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Book review: The True Adventures Of The Rolling Stones by Stanley Booth

| 3 September 2012 | 1 Reply

The True Adventures Of The Rolling Stones
Stanley Booth
Canongate Books

By Shane Pinnegar

In 1969 The Rolling Stones were bravely going where literally NO ONE had gone before them. The music industry had grown exponentially, and their organisation was struggling to keep up, still scheduling concerts in college gym halls. Their naivette hadn’t yet been crushed, though – it would take this tour to do that…

Booth tells the story of The Stones’ ’69 tour across America intertwined with his own tale as his, and The Stones’s, lives go steadily off the rails. Drug use escalates, sleep deprivation becomes the norm, and flawed decisions, poor associations, and inept management abounds. A further parallel narrative goes into great detail about the band’s origins and the demise of original guitarist and one-time driving force, Brian Jones, a man destined to shine incandescently, however briefly.

As the tour heads towards Altamont on December 6th, 1969, dark clouds are gathering and, just as history tells us that nothing was the same after the acid-fuelled Hells Angels brutally beat and stabbed Meredith Hunter to death during The Rolling Stones set, Booth reminds us that this was no sudden, unconnected moment of violence – the prevailing mood in America was of a society about to fracture, a counter culture who couldn’t possibly live up to its lofty ideals and were about to fall flat on its face. From this moment forth the Hells Angels would always be violent outlaws, the hippies would always be naïve stoners, and the rockstars would always be egotistical, vain and out of touch with reality.

“The True Adventures Of The Rolling Stones” took Booth almost fifteen years to write, and includes the history of the band up to 1969, pieced together through priceless intimate interviews with band members, family members, and key figures in their inner circle as he travelled with them on the ’69 tour.

It’s a roller coaster – perfectly paced from the parallel narratives of the promising, bright start of the ’69 tour and the pure, music loving days when the band was first formed, right up to the dark and violent end of the tour, alongside the descent of the band into drugs and the expulsion and mysterious death of Jones.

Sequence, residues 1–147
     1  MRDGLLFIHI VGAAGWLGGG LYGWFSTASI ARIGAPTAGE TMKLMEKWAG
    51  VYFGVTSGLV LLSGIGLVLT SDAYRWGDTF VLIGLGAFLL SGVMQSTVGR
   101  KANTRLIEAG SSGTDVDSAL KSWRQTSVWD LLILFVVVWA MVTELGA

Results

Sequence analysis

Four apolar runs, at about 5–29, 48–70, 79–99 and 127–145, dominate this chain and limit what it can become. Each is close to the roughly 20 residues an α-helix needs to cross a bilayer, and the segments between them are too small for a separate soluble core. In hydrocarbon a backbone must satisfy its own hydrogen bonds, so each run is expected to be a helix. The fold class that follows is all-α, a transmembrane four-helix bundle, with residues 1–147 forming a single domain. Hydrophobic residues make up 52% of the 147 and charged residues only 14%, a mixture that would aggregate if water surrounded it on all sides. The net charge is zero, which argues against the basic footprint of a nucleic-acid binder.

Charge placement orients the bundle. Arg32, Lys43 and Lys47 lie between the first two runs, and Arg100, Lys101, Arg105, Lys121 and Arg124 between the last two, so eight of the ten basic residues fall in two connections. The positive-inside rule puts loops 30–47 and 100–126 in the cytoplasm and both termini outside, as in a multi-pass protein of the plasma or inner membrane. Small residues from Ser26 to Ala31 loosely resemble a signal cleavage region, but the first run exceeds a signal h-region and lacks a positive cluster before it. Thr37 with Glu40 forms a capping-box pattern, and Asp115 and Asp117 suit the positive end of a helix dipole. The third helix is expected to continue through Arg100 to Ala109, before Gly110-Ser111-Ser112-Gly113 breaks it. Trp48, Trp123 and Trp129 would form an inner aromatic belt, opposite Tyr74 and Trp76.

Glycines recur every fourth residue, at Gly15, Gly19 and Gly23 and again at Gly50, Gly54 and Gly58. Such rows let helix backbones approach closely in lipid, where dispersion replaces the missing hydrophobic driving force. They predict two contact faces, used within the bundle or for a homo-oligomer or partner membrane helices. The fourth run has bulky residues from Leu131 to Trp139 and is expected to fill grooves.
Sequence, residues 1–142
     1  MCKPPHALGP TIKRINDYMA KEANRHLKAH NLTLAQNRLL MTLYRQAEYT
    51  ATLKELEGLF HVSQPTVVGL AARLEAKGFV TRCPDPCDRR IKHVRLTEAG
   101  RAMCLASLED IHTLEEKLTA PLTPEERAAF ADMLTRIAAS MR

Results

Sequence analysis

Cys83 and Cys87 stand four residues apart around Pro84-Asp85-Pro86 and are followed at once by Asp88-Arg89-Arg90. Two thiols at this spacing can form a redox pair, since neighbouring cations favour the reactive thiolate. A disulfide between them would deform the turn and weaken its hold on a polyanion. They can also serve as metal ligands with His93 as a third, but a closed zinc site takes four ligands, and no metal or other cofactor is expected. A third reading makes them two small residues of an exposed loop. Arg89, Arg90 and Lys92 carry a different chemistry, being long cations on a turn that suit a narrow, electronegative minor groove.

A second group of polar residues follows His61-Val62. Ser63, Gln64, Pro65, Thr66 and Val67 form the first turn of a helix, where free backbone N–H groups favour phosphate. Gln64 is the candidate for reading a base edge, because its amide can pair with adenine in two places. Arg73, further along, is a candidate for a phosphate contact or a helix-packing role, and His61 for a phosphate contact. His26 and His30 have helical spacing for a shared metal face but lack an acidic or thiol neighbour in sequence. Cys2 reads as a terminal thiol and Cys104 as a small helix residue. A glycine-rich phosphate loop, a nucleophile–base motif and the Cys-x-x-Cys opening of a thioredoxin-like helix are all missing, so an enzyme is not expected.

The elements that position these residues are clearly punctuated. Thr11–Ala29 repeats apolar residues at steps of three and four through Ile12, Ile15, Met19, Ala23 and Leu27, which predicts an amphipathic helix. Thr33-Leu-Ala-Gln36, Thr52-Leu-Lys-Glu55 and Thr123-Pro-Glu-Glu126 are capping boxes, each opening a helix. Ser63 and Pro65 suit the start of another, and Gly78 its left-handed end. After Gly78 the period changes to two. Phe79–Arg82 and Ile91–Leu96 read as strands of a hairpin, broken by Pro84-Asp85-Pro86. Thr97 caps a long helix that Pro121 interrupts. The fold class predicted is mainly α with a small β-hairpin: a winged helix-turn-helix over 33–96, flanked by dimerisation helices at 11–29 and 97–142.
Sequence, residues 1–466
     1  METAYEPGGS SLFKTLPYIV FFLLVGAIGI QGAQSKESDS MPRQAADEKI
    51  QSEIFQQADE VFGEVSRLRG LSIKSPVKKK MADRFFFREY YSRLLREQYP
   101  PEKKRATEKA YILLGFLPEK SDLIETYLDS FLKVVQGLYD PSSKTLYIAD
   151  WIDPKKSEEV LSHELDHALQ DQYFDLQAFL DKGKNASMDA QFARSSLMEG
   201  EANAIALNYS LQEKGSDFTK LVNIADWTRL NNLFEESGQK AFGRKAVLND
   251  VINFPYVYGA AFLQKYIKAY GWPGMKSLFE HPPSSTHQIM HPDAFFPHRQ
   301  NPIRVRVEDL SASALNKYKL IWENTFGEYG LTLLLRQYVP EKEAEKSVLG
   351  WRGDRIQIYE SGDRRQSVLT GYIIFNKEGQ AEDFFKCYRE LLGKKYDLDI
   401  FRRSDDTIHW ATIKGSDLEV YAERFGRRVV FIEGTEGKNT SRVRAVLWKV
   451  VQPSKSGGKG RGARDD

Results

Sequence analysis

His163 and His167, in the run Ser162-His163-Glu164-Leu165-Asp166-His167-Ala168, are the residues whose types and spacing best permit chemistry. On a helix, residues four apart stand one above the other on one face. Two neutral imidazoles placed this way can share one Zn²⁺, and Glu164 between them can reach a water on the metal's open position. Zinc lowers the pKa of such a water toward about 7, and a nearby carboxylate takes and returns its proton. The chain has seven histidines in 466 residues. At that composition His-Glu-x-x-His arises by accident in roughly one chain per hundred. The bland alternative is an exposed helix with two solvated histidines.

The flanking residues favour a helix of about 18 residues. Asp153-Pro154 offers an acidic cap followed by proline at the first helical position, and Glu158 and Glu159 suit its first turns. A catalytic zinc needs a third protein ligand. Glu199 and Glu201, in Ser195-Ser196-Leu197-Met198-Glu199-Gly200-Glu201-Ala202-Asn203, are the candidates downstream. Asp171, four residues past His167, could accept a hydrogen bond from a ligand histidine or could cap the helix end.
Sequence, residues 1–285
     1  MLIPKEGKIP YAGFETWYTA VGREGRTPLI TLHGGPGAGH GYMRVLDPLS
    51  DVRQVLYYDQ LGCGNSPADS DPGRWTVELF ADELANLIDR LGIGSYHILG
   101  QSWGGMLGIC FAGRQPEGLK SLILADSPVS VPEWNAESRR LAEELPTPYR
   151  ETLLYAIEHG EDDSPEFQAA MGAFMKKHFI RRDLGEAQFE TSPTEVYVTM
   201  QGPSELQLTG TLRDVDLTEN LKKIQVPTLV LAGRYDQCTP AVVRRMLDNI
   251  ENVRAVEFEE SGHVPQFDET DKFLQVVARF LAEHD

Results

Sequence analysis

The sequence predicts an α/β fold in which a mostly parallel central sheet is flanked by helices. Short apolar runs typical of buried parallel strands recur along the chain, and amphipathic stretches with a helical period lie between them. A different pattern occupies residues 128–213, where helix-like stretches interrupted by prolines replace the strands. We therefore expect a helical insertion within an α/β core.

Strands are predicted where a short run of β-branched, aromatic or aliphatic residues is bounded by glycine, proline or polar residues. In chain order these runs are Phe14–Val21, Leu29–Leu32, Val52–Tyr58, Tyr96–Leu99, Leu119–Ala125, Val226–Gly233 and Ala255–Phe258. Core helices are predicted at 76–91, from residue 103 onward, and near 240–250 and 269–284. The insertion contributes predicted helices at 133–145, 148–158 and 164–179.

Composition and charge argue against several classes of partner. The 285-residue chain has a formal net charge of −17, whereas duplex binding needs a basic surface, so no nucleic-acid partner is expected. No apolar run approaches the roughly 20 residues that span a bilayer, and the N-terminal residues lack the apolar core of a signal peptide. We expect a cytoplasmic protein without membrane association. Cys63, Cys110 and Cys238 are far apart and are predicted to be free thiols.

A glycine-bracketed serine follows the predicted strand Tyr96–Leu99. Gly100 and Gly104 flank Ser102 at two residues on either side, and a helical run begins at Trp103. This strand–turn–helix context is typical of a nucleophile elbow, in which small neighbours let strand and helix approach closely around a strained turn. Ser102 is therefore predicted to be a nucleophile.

A 1999 epilogue explains that Booth made nothing from his epic 552 page tale, details some of his own post-tour drug and personal problems – he amusingly tells of a Playboy interview he did with Keith Richards in the late 80’s, in which he wrote “It now costs Keith and me one hundredth of what it used to to get through an evening…”. That is the upper echelons of drug buddies, right there, and you want to tread very lightly if you aim to live through that kind of use. He also discusses some of the problems he had “making the manuscript work”.

But work it does – it is an un-put-downable train wreck of a story, never short of fascinating as Booth peels back the veils for what is quite possibly the definitive expose of the decadence and danger of The world’s greatest rock n’ roll band as they – and the world – changes forever. Described by Keith Richards himself as “Yeah, that’s how it was”, and critics as “a masterpiece” and “both the general reader and the most devoted fan will find an epiphany on almost every page”, this is an essential read and a work of true insight and dark, dangerous beauty.

Category: Book Reviews

About the Author ()

Editor, 100% ROCK MAGAZINE

Comments (1)

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  1. Gloworm says:

    I can’t believe I never read this book until now…it is the most fascinating, gritty, gently humorous, book I have ever read on the Rolling Stones AND music! It will transport you back in time to a simpler age when rock stars could actually mingle with and talk to their fans…to a time when Mick Jagger seemed like a real person and not an icon…Keith Richards always a joy and a trip to read about…I love this book and keep re-reading parts of it

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